Members of the European Parliament’s Economic and Monetary Affairs Committee voted yesterday in favour of banning uncovered sovereign credit default swaps and naked short selling- in which speculators predict falling securities prices.

The result was partly a reaction to several member states’ defaulting on loan obligations being implicated in the EU’s sovereign debt crises, and it is hoped the move will curtail risk and increase transparency within European financial transactions.

The result has not been welcomed by business, as Sean McGuire, Director of CBI Brussels, explains:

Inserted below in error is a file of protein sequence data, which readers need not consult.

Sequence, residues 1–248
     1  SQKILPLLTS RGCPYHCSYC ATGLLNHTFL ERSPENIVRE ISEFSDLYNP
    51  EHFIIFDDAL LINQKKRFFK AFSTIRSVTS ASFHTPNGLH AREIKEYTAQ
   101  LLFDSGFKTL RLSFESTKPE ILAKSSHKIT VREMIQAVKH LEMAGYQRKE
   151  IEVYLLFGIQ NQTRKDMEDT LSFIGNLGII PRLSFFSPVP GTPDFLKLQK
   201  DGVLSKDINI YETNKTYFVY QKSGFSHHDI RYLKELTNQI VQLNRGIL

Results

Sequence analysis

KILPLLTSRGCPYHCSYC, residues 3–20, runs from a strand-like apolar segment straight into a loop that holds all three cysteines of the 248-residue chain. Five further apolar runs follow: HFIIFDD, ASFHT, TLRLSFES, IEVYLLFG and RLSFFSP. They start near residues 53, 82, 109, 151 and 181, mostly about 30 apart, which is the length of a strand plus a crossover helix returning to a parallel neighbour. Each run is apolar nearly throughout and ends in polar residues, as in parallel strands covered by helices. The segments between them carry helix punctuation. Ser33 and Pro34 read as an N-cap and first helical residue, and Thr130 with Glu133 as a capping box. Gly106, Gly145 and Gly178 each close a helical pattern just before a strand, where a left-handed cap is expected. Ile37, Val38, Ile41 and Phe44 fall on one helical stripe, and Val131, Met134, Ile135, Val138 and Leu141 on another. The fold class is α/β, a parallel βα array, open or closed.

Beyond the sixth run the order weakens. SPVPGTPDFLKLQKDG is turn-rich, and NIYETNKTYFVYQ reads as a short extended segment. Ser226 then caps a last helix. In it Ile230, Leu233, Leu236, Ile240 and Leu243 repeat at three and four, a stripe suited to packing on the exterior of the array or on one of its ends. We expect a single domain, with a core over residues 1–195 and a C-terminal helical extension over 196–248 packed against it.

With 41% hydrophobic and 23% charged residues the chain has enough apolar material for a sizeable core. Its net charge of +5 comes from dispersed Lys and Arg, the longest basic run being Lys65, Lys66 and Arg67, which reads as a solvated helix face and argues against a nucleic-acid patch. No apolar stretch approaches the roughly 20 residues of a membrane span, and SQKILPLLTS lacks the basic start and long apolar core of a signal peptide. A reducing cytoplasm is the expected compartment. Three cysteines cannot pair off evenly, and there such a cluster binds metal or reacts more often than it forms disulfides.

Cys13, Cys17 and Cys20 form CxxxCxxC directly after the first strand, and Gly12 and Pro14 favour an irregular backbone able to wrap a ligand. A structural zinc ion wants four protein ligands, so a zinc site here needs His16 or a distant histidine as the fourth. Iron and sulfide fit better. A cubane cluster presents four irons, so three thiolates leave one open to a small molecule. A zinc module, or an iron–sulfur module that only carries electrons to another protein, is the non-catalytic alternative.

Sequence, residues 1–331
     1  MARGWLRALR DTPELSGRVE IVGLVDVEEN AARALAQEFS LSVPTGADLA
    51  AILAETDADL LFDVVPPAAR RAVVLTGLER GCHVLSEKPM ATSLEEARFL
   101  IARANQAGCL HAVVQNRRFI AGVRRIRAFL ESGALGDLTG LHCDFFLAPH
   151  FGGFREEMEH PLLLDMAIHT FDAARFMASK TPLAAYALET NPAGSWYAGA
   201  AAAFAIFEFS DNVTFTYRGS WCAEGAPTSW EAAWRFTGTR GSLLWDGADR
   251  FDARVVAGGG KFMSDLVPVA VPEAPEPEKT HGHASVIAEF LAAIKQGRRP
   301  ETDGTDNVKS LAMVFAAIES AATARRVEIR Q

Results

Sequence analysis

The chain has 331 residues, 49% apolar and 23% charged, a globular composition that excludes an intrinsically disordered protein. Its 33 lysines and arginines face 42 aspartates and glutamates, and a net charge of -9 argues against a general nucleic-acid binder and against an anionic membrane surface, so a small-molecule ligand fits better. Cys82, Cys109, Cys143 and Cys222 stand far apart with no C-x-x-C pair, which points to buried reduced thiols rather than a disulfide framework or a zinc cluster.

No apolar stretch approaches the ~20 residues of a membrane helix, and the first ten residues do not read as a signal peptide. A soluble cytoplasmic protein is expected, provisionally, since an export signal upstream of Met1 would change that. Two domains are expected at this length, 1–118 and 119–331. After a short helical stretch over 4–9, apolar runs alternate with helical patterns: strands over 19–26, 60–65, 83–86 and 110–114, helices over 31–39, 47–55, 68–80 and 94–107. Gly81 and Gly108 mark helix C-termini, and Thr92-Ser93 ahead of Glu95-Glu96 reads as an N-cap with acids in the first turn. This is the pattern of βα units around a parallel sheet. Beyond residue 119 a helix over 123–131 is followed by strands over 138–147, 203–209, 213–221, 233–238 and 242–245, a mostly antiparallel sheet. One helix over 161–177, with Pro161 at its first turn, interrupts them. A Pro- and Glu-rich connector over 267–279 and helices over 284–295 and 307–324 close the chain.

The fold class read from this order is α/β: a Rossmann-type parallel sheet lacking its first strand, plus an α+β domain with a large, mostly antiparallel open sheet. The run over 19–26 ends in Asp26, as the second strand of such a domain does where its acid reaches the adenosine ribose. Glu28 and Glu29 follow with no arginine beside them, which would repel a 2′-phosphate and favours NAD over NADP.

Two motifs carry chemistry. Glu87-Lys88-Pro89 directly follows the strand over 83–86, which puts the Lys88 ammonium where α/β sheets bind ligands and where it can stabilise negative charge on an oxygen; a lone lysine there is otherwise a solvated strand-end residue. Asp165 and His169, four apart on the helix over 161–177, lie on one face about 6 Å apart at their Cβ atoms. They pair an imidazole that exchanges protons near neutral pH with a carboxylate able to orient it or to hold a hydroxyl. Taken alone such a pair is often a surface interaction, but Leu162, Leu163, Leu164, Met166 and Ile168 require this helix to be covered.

“The Parliament’s decision to ban the use of uncovered sovereign credit default swaps is bad for business.

“These financial tools are used by many companies to manage their international risks, and restricting their use will make it harder for firms to grow and export across Europe.

“MEPs should think carefully about the implications of this decision and reconsider their position.”

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